D.J. LOWE, R.M. NEWNHAM AND J.D. MCCRAW
This chapter is dedicated to the memory of Jeanette L. Gillespie, a respected colleague and student in the Department of Earth Sciences at the University of Waikato, who died after a short illness on 4 October 2000. Jeannette, a part-time assistant lecturer in this department, was working towards her Ph.D. on the volcanic histories of Mayor Island and White Island, which feature in this chapter, by documenting the tephra record preserved in marine cores in coastal Bay of Plenty. A meticulous and talented researcher and teacher, and a warm and loyal friend, Jeanette is greatly missed.
There is much current interest in the impact of geohazards upon global cultural development. Such studies tend to rest upon broad assumptions as to scale of event and response, but before these can effectively be drawn, it is necessary to have a clear understanding of the interaction of hazards upon cultures through time. This chapter addresses this issue by exploring the interaction of volcanic activity and Maori culture in New Zealand.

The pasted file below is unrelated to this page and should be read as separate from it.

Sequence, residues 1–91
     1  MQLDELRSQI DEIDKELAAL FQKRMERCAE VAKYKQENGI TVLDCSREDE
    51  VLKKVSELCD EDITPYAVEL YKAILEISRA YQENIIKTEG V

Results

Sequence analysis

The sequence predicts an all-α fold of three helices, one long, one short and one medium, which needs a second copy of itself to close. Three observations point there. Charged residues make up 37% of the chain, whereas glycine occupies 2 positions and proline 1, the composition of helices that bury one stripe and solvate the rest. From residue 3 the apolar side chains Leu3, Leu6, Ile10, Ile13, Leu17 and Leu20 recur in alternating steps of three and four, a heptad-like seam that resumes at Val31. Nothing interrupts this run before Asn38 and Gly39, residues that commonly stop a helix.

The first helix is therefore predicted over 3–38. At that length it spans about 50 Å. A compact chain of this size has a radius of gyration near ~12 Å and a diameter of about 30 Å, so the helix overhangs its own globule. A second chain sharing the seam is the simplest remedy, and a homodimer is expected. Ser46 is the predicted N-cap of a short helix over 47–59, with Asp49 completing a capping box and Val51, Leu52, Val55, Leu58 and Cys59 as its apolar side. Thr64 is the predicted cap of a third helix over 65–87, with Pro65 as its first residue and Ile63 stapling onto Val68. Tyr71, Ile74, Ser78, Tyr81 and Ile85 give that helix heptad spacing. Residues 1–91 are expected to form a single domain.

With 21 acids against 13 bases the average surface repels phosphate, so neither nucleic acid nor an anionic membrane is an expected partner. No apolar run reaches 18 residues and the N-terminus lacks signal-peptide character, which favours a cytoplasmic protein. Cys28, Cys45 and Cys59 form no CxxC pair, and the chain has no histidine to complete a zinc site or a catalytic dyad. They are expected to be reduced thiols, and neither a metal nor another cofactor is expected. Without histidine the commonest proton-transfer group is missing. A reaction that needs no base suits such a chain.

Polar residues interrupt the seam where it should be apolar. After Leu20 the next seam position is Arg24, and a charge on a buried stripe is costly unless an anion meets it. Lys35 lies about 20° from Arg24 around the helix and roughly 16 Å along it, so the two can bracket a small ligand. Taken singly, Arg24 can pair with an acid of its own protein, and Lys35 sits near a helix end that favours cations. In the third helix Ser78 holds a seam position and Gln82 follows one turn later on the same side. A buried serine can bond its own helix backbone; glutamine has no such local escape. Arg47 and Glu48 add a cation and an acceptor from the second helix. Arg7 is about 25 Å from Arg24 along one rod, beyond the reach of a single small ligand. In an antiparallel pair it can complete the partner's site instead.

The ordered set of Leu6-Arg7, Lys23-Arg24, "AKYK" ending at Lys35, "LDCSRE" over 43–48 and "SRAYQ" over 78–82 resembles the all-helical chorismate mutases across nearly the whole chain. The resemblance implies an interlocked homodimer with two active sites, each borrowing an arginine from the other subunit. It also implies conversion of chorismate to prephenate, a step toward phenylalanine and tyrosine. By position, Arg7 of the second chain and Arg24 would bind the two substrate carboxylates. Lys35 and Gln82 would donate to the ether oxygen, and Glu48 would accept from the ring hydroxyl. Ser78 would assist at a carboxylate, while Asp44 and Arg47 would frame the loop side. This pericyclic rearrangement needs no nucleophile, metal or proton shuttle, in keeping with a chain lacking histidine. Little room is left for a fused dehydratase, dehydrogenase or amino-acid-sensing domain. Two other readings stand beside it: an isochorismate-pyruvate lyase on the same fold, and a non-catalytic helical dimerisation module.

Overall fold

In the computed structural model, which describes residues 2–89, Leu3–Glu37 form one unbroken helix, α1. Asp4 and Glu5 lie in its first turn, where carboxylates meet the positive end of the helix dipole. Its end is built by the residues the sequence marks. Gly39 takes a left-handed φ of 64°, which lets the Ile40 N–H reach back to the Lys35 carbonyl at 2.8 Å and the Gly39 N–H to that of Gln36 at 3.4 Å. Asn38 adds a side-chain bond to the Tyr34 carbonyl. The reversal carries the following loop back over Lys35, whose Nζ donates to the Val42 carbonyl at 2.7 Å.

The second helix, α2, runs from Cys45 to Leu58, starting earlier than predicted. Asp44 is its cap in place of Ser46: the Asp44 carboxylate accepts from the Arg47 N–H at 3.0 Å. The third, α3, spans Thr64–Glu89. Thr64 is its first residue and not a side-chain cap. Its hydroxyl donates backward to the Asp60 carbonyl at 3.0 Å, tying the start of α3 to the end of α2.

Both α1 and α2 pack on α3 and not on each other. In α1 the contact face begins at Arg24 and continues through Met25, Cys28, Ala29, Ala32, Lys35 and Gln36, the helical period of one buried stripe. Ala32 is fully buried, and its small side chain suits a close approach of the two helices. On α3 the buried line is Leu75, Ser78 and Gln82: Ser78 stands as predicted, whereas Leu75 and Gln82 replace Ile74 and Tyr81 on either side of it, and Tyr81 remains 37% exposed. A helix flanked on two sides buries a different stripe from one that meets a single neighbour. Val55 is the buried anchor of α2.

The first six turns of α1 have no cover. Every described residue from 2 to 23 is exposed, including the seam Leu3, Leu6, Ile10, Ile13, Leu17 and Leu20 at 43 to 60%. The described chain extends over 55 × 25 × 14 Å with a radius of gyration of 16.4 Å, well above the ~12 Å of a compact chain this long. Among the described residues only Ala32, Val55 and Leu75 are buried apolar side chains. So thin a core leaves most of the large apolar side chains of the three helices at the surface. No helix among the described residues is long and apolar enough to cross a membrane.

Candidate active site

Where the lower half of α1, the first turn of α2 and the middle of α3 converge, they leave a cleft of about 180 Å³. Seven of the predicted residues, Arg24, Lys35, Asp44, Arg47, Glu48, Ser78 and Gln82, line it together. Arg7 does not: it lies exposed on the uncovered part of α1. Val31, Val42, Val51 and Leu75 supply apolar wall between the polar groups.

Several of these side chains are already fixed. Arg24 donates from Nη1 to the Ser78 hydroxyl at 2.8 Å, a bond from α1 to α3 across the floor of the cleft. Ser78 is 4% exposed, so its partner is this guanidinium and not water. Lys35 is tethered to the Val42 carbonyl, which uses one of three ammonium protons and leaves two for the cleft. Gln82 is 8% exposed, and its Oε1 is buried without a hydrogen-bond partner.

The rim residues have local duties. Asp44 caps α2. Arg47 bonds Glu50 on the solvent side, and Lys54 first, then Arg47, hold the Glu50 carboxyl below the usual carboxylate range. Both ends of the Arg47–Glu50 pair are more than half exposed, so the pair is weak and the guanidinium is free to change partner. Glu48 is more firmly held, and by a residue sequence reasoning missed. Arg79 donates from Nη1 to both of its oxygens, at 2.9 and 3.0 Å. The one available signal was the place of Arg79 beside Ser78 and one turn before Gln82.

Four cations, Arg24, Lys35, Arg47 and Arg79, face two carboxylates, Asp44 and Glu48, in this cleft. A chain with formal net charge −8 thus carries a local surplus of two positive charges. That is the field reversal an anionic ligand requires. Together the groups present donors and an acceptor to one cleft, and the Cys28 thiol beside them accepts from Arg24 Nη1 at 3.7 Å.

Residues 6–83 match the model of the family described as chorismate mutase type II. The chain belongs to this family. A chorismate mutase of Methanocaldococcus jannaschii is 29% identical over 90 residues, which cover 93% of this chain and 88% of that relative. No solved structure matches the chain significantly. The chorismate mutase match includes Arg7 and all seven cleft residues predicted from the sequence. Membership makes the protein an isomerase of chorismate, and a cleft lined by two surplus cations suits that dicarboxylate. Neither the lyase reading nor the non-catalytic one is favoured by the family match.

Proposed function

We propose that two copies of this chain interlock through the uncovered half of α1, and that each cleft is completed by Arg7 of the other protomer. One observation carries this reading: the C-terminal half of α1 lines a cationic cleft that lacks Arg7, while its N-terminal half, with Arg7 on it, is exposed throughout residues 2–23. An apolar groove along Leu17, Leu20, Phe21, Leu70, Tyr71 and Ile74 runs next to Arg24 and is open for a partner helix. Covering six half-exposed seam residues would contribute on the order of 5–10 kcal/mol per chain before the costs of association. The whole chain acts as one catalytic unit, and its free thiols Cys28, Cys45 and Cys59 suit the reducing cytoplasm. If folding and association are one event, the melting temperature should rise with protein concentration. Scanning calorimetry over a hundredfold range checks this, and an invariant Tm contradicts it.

New Zealand is a mid-latitude, temperate, partly volcanic archipelago lying isolated in the South Pacific Ocean nearly 2,000 km eastward of its nearest neighbour, Australia. It is unique because it was the last substantial landmass to be settled by humans (Sutton, 1994a; Newnham et al., 1999a). A consequence of the exceptionally short prehistory is that the record of interactions between volcanic activity and people is brief. The earliest known European contact with the Polynesian (Maori) inhabitants of New Zealand was by Dutchman Abel Tasman in AD 1642 followed, after a 127-year gap, by Englishman James Cook and Frenchman Jean de Surville, who both arrived in AD 1769. New Zealand’s historical period is therefore restricted to barely the last two hundred years. The self-designated term ‘Maori’, literally ‘usual, ordinary’, came into use only after European settlement in the nineteenth century AD and is applied to the descendants of the Polynesians who first settled New Zealand.